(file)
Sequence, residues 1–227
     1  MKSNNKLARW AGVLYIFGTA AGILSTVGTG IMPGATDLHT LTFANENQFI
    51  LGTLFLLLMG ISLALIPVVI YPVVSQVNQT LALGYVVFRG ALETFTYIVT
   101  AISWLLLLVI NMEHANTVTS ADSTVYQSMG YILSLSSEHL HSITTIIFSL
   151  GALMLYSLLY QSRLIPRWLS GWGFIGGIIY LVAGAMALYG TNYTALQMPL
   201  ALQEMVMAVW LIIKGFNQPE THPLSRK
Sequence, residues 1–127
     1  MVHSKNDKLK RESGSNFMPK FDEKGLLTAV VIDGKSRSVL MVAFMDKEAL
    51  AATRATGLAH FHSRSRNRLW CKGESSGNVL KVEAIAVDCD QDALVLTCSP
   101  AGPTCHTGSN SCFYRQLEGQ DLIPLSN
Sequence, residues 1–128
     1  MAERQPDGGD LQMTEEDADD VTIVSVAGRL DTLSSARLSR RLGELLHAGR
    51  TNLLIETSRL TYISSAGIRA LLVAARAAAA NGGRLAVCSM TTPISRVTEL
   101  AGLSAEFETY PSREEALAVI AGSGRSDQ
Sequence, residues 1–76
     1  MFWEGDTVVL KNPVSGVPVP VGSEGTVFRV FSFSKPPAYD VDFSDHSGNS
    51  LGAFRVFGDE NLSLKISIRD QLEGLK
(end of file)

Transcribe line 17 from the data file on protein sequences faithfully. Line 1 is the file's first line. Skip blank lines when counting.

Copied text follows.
    51  LGAFRVFGDE NLSLKISIRD QLEGLK